Muniz often works in large scale format but then destroys the originals of his work so the only thing that is left is photographic evidence. He uses his photography as documentation because it creates the vantage point in which mimics the way he saw the piece in the first place. He has spoken of an interest in making these pictures so that “reveal their process and material structure”, of the artwork he makes.
Two works of interest are his Earthworks series and Waste Land. In his Earthworks series, it resembles what the movement did in the 1970s in relation to doing on location type work however, he brings forth cultural and historical references within the images like the Nazca lines from the Inca Civilization in Peru.
In Waste Land, the documentary presents men and woman who pick through garbage as an occupation. He tries to take this act of garbage-picking and assemblage of recycling and turns art into a more accessible experience through the use of common materials. His belief being, the art world should not be just for the elite. He states in the documentary that, “at this point in my career where I’m trying to step away from the realm of fine arts because I think it’s a very exclusive, very restrictive place to be. What I want to be able to do is to change the lives of people with the same materials they deal with every day.”
Two elements that I wish to take from Muniz’s M.O. are addressing the human impact with nature and with things or situations that people see or deal with every day. I want to demonstrate human impact whether it is subtle or extreme. I think that with people interacting with their environment is one thing but the impact with other people is a lot fiercer and apparent in modern day society. This demonstrate of every day common gestures or materials can be as simple as a cell phone or a tree, or as complicated as the food that we eat and throw away.
Sources and Links:
About The Artist:
Micheal Paul Smith is an artist whose work concerns small toys in the place of real life objects, therefore, making realistic scenes through the use of plastic toys and thoughtful placement. He then photographs these scenes in a way that makes them look very convincing. He makes these photographs by creating a 1:24 scale ratio to recreate everyday scenes from the mid 20th century to -mid 60s America.
How did it begin?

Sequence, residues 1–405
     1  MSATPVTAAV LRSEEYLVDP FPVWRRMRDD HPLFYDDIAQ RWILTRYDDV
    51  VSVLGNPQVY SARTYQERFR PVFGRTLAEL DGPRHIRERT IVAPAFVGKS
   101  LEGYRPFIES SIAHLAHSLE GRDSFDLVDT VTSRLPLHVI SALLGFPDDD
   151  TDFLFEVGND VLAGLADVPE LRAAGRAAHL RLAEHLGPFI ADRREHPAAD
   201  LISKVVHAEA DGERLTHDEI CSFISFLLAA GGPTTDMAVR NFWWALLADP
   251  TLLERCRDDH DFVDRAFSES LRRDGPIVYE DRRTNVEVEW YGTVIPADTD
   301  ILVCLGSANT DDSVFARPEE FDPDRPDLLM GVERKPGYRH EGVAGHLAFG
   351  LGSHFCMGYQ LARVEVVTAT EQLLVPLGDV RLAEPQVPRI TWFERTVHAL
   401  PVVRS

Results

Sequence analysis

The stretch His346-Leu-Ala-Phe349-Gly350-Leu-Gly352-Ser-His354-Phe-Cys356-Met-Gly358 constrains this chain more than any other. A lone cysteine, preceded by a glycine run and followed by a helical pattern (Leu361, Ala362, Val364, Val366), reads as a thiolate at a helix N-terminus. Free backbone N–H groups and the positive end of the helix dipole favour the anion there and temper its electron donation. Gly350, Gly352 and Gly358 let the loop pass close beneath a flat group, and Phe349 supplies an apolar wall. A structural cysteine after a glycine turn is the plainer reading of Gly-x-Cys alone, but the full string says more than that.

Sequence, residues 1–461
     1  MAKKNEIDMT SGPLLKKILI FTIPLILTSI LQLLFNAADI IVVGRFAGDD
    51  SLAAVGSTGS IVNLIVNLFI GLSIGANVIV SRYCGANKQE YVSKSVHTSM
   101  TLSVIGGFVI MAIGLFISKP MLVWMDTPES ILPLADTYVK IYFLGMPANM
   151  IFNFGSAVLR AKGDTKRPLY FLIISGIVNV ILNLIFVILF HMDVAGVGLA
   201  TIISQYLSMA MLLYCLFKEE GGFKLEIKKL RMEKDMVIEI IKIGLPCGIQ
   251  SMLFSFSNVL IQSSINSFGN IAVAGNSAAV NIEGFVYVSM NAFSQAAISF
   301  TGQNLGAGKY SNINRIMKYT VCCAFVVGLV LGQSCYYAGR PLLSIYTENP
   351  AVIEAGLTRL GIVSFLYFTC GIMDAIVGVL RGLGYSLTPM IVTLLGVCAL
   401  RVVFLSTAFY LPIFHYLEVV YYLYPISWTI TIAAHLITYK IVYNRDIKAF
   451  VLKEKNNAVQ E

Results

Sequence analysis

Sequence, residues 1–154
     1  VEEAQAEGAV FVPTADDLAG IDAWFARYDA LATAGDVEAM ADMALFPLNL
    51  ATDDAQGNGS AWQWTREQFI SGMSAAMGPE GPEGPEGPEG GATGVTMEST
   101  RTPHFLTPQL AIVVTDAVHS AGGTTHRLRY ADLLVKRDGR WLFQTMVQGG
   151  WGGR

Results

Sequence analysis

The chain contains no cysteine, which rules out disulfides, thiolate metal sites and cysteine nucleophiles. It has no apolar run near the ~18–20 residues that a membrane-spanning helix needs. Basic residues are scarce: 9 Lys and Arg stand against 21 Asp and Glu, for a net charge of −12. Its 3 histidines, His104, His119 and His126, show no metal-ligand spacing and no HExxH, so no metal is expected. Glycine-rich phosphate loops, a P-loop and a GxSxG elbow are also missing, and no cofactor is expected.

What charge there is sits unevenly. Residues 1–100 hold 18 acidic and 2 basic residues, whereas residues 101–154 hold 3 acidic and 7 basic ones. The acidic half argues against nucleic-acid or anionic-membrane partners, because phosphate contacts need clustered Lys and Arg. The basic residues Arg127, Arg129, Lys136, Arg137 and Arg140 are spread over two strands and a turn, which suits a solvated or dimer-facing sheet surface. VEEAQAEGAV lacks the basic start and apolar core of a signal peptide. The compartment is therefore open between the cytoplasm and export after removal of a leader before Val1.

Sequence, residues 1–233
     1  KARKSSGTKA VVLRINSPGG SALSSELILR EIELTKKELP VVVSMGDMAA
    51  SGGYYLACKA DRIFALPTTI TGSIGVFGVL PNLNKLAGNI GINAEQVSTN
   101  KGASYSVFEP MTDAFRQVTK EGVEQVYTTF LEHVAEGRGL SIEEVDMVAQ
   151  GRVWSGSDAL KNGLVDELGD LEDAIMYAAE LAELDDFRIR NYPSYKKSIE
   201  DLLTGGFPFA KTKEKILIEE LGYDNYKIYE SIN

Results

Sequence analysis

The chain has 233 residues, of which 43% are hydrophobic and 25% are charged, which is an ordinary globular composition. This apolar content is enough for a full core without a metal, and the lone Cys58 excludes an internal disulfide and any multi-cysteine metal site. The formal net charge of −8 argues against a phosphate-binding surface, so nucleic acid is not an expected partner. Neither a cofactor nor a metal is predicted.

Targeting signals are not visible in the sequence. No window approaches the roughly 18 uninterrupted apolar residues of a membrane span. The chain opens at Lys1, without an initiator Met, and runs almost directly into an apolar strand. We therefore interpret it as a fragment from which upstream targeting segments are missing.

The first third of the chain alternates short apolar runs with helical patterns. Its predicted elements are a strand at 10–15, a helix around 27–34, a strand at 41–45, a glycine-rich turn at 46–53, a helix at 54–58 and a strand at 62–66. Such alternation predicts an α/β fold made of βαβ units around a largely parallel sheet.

Smith started off with an interest in making scale models of objects as well as an interest in photography. This combination later grew into something magical. He used his sculptural skills and photography skills to create convincing photographs of olden day scenes. Smith wanted to recreate the town in which he grew up in which was a town in America in the 20th century to mid 60s. His work is not an exact replica of the town he grew up in but it does what he wants it to do and that is to create the feeling of the town he grew up in and bring back his childhood memories.
How is it made?
The buildings are constructed of resin-coated paper, styrene plastic, and basswood, plus numerous found objects. The vehicles are from Michael’s collection of 300+ commercially produced, diecast models.
These photographs were all made through the use of placement. No Photoshop was used in these images; they’re all composed in the camera. He refers to it as the oldest trick in the special effects book: lining up a model with an appropriate background, then photographing it.
How does his work relate to my work?
I am interested in a similar idea that Smith uses within his work. For my final project I am interested in taking recognizable items/objects, constructing a sculpture and then using photography to make the objects look like much more then they really are. Through photography I will change the reality of the object so it is seen as something different then what it is seen as in person. This relates to Smith’s work because he builds structures and then uses photography to change the structure he built into realistic photographs of a fictional town.
Progress photos vs final photos :